Clearly, no one knew where this "Garage" was located... Up and down lanes we jogged. Scopes flung over our shoulders... Looking like some loonies that had just escaped from the local Asylum, or no less, a small military invasion that had decided for no apparent reason to descend upon an unfortunate Weymouth.
But after around 15 minutes of frankly having no idea of where to go. Some nice chap pointed us in the right direction. Well, sort of. How the seaside wall by the main entrance of Lodmoor has anything to do with a Garage I do not know... Maybe Its down the road? Or maybe I was too absorbed in trying to find the Stilt Sandpiper that I didnt notice it? ( Doubt it. Could happen though. ) Anyway, this is where everyone was, to put it bluntly.
Still no sign after about 45 minutes. My Aunt had gone off for a coffee and I was starting to think about joining her. The thought of dipping out If I left was the only thing that kept my feet firmly planted on the ground. I really wanted to see this bird... I mean really wanted to see this bird. No stupid "giving in" thoughts were going to stop me.
After a while my Aunt joined us again. We were starting to debate on whether to split up and scour the rest of marsh in case it had decided to relocate to a different spot. A few people ventured off to a higher vantage point in the town, known as the "wall" to see if they could at least get a distant view of it. Phone numbers were exchanged and pagers fumbled with. I decided to head for the wall - At least a view was possible... even if it was a terrible one.
This was to be one of my better decisions. Now I would not say I am renowned for taking wrong decisions but I am pretty darn good at it... Instinct ( Lets call it that ) told me to take a different path then the other guys. The longer route to the wall, that takes in the opposite side of the mudflats, was my destination. A little way along the path me and my Aunt noticed one of our fellow birders ( that had departed from the group earlier )
had set up scope by a hedge row and was looking through his scope rather intently.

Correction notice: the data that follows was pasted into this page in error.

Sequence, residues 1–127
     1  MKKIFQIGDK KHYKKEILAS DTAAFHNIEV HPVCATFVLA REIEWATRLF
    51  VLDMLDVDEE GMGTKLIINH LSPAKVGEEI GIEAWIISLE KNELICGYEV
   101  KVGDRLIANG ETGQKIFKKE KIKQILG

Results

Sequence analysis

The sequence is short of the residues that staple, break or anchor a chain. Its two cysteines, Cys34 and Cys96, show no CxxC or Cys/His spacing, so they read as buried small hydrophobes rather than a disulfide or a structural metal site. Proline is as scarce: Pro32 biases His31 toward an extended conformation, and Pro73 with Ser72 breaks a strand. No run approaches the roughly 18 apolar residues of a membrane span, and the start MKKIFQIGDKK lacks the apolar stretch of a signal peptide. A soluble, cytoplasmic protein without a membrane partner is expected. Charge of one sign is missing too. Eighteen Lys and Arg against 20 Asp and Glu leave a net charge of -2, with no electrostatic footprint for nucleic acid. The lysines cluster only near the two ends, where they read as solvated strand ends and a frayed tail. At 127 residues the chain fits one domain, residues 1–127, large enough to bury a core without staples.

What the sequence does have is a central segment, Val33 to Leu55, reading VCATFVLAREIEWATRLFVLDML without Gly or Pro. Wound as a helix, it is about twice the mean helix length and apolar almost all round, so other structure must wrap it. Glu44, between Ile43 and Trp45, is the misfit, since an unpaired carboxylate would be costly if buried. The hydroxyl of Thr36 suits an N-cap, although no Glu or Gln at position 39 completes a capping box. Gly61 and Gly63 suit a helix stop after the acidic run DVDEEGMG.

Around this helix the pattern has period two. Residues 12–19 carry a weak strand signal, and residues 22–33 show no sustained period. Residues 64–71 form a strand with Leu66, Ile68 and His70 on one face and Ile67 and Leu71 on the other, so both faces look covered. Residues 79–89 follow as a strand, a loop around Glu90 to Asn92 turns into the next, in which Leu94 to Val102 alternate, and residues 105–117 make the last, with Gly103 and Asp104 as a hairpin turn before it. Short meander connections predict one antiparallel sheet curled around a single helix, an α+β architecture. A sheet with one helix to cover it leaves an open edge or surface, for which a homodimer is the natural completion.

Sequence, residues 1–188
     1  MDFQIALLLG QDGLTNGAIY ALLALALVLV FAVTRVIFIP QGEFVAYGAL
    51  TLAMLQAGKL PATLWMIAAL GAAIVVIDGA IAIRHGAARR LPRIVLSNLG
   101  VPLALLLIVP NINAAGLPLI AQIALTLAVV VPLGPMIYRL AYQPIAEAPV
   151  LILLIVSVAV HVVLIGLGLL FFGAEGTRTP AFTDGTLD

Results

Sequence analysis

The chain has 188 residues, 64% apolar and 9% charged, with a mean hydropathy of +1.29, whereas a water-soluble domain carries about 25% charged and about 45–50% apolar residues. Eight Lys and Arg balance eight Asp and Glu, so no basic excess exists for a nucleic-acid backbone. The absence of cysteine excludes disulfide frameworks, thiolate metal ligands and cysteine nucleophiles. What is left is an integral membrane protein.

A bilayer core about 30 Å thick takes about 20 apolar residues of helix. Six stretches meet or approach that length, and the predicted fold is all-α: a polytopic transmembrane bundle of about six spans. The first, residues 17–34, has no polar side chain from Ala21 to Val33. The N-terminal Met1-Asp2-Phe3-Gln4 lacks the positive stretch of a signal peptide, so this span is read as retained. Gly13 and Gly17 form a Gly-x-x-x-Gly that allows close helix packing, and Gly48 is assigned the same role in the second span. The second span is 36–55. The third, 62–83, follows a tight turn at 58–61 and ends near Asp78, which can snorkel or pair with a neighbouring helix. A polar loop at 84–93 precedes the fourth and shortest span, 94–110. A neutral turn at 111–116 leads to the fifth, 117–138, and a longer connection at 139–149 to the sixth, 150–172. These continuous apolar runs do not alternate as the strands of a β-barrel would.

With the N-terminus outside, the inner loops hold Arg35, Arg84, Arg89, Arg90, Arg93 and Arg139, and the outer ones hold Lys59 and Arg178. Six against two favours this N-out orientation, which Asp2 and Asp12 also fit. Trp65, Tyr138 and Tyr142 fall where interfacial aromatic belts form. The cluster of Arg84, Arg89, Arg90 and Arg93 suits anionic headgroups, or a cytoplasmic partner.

"Whats up?" I asked him eagerly. "I think I have got it" was his response. With difficultly, I stifled a "Holy Sh"t!! And I quickly raised my binoculars to connect with the bird that eluded Me, my Auntie and the rest of the birders all day. "Damn, these bushes are in the way" he and I almost said In unison. "Lets move up. I need to check all the features just in case... before I ring the others" He replied.
We shuffled up to a clear patch in the hedgerow and studied the bird. "Yep, thats it!" He almost shouted and quickly got down to ringing the other birders still at the mound and wall. It was surreal... this had to be one of the best views of the rather eluding Stilt Sandpiper all week! After a while the rest of the crew turned up and the mood swapped to one of relief and happiness. We all shook hands with the finder and congratulated him on the brilliant re - find.
No, I did not manage to take any photos of the bird... due to excitement and other things... ( Like forgetfulness ) but I stored the image of the bird in my mind. The long legs, plalish face ring and general "Jizz" of the bird stand vivid in my mind and always will. All in all, it was frankly fantastic time and one I am sure I will never forget! But... God, did we have to work for it! After the bird departed we said our good byes to bunch and set off for a quick look see around Portland.
We did not see much but I was rather lucky to pop into the obs at just the right time - While they were ringing a female Melodious Warbler! I had some pretty amazing views of the scarce little warbler and they even let me take a few photos ( Will upload later ). I made sure to see the bird fly off and land in a tree so I could tick it without feeling naughty. I Thanked the assistants, bode farewell, got into the car and we set off home. Happy with how the day turned out.